Search Results

open access

Adaptive dimension reduction for clustering high dimensional data

Description: It is well-known that for high dimensional data clustering, standard algorithms such as EM and the K-means are often trapped in local minimum. many initialization methods were proposed to tackle this problem, but with only limited success. In this paper they propose a new approach to resolve this problem by repeated dimension reductions such that K-means or EM are performed only in very low dimensions. Cluster membership is utilized as a bridge between the reduced dimensional sub-space and the original space, providing flexibility and ease of implementation. Clustering analysis performed on highly overlapped Gaussians, DNA gene expression profiles and internet newsgroups demonstrate the effectiveness of the proposed algorithm.
Date: October 1, 2002
Creator: Ding, Chris; He, Xiaofeng; Zha, Hongyuan & Simon, Horst
Partner: UNT Libraries Government Documents Department
open access

ADVANCED GASIFICATION-BASED FUEL CONVERSION AND ELECTRIC ENERGY PRODUCTION SYSTEM

Description: Boise Paper Solutions and the Gas Technology Institute (GTI) are cooperating to develop, demonstrate and place in continuous operation an advanced biomass gasification-based power generation system suitable for near-term commercial deployment in the Forest Products Industry. The system will be used in conjunction with, rather than in place of, existing wood waste fired boilers and flue gas cleanup systems. The novel system will include three advanced technological components based on GTI's RENUGAS{reg_sign} and three-stage stoker combustion technologies, and a gas turbine-based power generation concept developed in DOE's High Performance Power System (HIPPS) program. The system has, as its objective, to avoid the major hurdles of high-pressure gasification, i.e., high-pressure fuel feeding and ash removal, and hot gas cleaning that are typical for conventional IGCC power generation. It aims to also minimize capital intensity and technology risks. The system is intended to meet the immediate needs of the forest products industry for highly efficient and environmentally friendly electricity and steam generation systems utilizing existing wood waste as fuel resources. The overall objective of this project is to demonstrate the commercial applicability of an advanced biomass gasification-based power generation system at Boise Paper Solutions' pulp and paper mill located at DeRidder, Louisiana.
Date: October 1, 2002
Creator: Rabovitser, Joseph & Bryan, Bruce
Partner: UNT Libraries Government Documents Department
open access

Advanced Stripper Gas Produced Water Remediation, Quarterly Technical Report: July-September 2002

Description: Natural gas and oil production from stripper wells also produces water contaminated with hydrocarbons, and in most locations, salts and trace elements. The hydrocarbons are not generally present in concentrations that allow the operator to economically recover these liquids. Produced liquids, (Stripper Gas Water) which are predominantly water, present the operator with two options; purify the water to acceptable levels of contaminates, or pay for the disposal of the water. The project scope involves testing SynCoal as a sorbent to reduce the levels of contamination in stripper gas well produced water to a level that the water can be put to a productive use. Produced water is to be filtered with SynCoal, a processed sub-bituminous coal. It is expected that the surface area of and in the SynCoal would sorb the hydrocarbons and other contaminates and the effluent would be usable for agricultural purposes. Test plan anticipates using two well locations described as being disparate in the level and type of contaminates present. The loading capacity and the rate of loading for the sorbent should be quantified in field testing situations which include unregulated and widely varying liquid flow rates. This will require significant flexibility in the initial stages of the investigation. The scope of work outlined below serves as the guidelines for the testing of SynCoal carbon product as a sorbent to remove hydrocarbons and other contaminants from the produced waters of natural gas wells. A maximum ratio of 1 lb carbon to 100 lbs water treated is the initial basis for economic design. While the levels of contaminants directly impact this ratio, the ultimate economics will be dictated by the filter servicing requirements. This experimental program is intended to identify those treatment parameters that yield the best technological practice for a given set of operating conditions. The goal …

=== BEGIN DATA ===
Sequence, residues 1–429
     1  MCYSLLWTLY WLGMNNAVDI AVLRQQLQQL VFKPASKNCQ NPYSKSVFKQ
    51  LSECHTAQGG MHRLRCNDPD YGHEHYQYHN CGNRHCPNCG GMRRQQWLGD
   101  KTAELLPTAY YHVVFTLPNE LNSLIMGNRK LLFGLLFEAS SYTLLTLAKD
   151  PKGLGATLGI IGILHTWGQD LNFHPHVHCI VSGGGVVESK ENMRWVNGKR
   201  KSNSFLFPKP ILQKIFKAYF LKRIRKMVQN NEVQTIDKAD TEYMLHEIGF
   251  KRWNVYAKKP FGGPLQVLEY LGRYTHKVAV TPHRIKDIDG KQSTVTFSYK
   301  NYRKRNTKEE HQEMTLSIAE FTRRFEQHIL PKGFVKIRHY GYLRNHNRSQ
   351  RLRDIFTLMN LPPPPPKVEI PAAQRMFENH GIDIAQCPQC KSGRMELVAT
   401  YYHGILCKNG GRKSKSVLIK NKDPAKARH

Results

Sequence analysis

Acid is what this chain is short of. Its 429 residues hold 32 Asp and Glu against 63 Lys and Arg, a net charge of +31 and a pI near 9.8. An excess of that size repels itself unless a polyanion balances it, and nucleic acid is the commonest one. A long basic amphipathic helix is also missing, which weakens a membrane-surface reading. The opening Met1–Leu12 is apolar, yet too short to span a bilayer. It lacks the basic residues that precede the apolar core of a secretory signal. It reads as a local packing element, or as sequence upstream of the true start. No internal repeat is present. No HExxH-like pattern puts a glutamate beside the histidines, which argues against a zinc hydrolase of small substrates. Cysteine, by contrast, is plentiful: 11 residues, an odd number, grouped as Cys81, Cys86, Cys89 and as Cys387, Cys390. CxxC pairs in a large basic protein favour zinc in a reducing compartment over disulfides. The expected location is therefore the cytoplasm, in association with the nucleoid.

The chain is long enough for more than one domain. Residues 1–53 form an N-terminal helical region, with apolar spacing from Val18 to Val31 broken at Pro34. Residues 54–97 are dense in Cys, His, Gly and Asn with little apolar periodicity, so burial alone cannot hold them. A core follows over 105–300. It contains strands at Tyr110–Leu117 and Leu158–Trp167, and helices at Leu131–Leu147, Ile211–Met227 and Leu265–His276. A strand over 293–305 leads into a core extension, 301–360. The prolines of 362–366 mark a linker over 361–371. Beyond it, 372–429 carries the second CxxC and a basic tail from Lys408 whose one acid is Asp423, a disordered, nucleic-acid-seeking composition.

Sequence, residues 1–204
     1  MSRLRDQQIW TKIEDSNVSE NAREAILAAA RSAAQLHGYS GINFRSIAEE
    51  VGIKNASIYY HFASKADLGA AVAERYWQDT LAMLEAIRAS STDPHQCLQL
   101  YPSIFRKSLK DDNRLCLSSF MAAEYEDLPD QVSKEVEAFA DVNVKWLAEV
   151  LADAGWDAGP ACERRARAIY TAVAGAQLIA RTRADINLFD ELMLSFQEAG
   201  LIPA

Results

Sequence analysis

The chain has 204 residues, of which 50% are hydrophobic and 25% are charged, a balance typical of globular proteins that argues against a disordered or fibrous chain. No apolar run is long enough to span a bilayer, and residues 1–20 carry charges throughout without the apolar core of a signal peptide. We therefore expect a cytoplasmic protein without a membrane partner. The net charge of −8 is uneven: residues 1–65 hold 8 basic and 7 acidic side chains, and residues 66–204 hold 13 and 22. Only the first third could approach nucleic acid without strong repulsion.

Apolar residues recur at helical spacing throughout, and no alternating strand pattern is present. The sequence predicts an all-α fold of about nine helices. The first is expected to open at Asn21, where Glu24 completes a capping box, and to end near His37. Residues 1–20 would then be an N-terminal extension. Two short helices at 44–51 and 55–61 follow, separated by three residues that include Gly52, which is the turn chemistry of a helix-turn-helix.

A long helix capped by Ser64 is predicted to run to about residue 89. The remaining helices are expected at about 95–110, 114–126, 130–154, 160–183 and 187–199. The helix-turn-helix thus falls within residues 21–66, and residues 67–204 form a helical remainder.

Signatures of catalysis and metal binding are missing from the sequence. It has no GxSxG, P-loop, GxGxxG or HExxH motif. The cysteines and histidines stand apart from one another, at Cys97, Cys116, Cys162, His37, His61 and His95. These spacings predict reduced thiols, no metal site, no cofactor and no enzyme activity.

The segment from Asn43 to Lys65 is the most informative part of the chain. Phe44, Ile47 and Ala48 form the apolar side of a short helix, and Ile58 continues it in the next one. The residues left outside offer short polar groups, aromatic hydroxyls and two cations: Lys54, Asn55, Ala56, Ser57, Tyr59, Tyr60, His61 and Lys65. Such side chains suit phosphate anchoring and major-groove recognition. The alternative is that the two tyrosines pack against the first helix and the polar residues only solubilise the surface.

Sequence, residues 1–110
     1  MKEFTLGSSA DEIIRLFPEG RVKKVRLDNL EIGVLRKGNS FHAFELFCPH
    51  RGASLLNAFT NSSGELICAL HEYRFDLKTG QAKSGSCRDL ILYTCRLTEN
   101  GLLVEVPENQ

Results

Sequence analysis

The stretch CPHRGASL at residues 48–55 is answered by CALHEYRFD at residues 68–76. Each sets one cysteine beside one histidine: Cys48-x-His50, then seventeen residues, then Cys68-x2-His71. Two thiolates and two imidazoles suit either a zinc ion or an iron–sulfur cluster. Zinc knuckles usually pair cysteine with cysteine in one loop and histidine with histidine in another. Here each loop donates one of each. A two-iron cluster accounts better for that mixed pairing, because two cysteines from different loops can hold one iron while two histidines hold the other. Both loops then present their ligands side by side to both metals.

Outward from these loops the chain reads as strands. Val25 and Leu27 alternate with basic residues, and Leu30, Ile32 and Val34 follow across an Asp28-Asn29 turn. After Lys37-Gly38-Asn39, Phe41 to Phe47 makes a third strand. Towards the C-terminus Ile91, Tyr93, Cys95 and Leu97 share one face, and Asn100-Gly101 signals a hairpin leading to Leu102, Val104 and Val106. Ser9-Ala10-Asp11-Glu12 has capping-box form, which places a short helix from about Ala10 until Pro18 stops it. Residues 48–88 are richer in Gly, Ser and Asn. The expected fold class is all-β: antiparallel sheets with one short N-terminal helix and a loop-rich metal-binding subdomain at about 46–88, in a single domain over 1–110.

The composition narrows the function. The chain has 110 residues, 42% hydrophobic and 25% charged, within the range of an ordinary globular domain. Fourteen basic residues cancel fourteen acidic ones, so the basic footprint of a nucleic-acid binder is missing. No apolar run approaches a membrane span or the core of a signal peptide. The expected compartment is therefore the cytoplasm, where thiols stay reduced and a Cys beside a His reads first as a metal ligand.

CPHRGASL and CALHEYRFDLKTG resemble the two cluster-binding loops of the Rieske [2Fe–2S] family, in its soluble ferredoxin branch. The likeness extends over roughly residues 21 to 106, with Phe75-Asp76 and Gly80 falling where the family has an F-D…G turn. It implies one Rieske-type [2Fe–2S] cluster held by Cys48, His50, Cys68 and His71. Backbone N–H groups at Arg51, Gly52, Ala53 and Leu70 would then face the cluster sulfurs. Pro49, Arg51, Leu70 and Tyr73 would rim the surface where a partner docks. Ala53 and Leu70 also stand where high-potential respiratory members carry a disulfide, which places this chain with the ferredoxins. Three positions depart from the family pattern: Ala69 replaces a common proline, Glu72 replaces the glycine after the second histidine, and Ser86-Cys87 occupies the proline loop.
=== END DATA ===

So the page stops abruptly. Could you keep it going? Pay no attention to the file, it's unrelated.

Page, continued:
Date: October 2002
Creator: Bonner, Harry & Malmquist, Roger
Partner: UNT Libraries Government Documents Department
open access

Advanced Tokamak Operation Using the DIII-D Plasma Control System

Description: A271 ADVANCED TOKAMAK OPERATION USING THE DIII-D PLASMA CONTROL SYSTEM. The principal focus of experimental operations in the DIII-D tokamak is the advanced tokamak (AT) regime to achieve, which requires highly integrated and flexible plasma control. In a high performance advanced tokamak, accurate regulation of the plasma boundary, internal profiles, pumping, fueling, and heating must be well coordinated with MHD control action to stabilize such instabilities as tearing modes and resistive wall modes. Sophisticated monitors of the operational regime must provide detection of off-normal conditions and trigger appropriate safety responses with acceptable levels of reliability. Many of these capabilities are presently implemented in the DIII-D plasma control system (PCS), and are now in frequent or routine operational use. The present work describes recent development, implementation, and operational experience with AT regime control elements for equilibrium control, MHD suppression, and off-normal event detection and response.
Date: October 1, 2002
Creator: Humphreys, D. A.; Ferron, J. R.; Garofalo, A. M.; Hyatt, A. W.; Jernigan, T. C.; Johnson, R. D. et al.
Partner: UNT Libraries Government Documents Department